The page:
The Civil Aviation Ministry is likely to approach the GST Council soon for bringing aviation turbine fuel (ATF) under the tax regime. An indication to this effect was given by a senior official of an airline here following a meeting with Minister of State for Civil Aviation Jayant Sinha. The meeting was attended by Air India CMD Pradeep Singh Kharola, Pawan Hans CMD B P Sharma, the CEO of a private airline and the chief financial officers of other carriers.
“We have given our suggestion to the ministry and the minister is likely to meet the GST Council soon to present our case,” the senior airline official said. While various other issues facing the airline industry were raised by the industry, the prominent one was the inclusion of ATF under the Goods and Services Tax (GST) regime.
Currently, jet fuel or ATF is not under the GST ambit and the levy on it varies from state to state. Jet fuel accounts for a significant chunk of an airline’s operational costs which also has an impact on air ticket prices. During the last winter session of Parliament, Sinha informed in a written reply that his ministry had requested the Ministry of Finance to include aviation turbine fuel in the ambit of the GST regime with full input tax credit at the earliest possible. The long-standing demand for a slash in the GST rate in the aviation maintenance, repair, and overhaul (MRO) industry was also discussed, said another official on the condition of anonymity.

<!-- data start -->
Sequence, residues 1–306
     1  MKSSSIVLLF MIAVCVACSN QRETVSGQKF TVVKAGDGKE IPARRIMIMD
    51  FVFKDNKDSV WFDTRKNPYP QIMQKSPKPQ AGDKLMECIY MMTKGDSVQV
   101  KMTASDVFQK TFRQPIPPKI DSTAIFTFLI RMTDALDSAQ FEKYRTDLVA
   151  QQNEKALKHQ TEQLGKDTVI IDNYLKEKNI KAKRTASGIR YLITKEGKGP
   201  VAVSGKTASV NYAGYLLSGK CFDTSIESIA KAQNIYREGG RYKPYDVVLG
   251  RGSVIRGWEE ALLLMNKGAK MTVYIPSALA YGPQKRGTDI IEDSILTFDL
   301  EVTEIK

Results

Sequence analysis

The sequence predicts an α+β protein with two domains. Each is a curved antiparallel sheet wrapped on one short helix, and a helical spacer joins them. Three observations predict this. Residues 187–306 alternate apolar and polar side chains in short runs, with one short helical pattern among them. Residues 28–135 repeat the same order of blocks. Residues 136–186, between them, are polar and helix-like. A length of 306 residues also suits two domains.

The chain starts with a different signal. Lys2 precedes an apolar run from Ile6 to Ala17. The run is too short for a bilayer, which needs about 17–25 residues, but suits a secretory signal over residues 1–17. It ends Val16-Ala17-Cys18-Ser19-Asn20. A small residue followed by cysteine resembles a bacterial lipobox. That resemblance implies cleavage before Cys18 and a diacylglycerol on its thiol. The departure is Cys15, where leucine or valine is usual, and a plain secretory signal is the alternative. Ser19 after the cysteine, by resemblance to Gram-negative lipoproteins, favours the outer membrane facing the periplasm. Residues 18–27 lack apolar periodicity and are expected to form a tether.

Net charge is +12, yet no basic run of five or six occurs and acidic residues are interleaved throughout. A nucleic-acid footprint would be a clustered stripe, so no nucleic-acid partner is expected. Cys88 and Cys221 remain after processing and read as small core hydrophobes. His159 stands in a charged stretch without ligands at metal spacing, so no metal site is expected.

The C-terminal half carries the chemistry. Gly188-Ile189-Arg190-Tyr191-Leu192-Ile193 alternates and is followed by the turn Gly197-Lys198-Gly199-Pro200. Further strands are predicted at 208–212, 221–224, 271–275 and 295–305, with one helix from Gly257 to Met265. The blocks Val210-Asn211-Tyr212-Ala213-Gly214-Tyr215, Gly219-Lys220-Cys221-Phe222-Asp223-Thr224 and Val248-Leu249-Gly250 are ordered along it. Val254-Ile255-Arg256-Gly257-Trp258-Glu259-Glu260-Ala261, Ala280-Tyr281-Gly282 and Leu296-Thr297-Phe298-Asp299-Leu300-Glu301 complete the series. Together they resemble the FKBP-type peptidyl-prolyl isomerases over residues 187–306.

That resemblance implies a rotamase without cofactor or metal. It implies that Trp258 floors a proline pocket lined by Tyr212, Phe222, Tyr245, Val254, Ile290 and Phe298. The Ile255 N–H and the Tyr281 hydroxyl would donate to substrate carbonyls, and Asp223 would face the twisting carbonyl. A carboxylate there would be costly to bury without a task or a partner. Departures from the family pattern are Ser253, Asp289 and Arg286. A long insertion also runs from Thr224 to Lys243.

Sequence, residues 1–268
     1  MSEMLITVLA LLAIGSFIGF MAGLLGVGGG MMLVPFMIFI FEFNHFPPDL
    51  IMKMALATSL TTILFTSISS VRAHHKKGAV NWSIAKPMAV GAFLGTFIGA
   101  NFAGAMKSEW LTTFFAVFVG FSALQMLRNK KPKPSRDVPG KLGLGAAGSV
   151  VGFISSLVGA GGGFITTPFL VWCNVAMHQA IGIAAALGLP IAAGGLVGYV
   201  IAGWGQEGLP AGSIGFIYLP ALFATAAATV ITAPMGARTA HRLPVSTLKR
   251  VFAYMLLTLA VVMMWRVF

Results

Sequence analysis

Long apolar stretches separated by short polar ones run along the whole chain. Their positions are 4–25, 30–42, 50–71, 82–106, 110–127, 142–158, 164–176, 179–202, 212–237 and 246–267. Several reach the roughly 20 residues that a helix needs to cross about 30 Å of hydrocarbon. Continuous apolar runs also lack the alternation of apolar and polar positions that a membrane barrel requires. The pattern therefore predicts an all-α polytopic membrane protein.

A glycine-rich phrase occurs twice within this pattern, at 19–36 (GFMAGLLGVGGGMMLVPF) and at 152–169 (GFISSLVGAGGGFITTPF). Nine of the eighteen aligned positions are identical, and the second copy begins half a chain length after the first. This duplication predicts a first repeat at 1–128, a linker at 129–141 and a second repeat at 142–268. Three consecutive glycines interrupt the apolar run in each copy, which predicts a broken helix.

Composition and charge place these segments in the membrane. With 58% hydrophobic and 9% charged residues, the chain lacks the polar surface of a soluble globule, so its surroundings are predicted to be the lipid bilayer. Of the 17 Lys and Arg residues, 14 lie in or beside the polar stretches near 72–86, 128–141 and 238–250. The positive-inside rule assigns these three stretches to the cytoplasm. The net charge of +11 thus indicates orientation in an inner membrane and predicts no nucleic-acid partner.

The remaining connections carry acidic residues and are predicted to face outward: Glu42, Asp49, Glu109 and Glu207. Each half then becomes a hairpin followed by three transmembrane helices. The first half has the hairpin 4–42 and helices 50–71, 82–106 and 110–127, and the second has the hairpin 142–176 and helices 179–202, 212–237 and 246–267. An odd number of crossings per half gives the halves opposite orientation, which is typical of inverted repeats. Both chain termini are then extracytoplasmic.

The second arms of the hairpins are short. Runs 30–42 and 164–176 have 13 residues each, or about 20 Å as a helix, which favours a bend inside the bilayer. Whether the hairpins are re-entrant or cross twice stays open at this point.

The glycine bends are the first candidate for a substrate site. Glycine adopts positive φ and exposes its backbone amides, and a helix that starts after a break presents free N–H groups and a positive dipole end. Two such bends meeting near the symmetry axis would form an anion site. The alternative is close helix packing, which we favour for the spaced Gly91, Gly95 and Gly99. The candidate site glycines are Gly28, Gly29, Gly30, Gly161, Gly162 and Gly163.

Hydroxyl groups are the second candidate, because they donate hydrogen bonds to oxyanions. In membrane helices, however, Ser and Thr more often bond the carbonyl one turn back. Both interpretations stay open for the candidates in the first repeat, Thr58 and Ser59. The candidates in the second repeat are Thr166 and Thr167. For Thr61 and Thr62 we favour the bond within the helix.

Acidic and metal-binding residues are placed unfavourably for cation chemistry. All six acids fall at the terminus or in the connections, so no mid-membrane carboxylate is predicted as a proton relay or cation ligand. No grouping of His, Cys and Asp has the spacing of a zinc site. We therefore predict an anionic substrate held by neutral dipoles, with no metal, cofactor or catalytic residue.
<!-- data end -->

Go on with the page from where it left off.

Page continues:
GST is currently levied at 18 percent on the MRO industry. The MRO Association of India has warned that the industry could face a closure if the GST “anomaly is not set right”. The association contended that the airlines were finding it cheaper to send their aircraft overseas for maintenance although they cost more. He said the cost benefit that the MRO industry enjoyed because of the low cost of labour in India — USD 20 to USD 35 an hour — had been eroded due to the GST burden.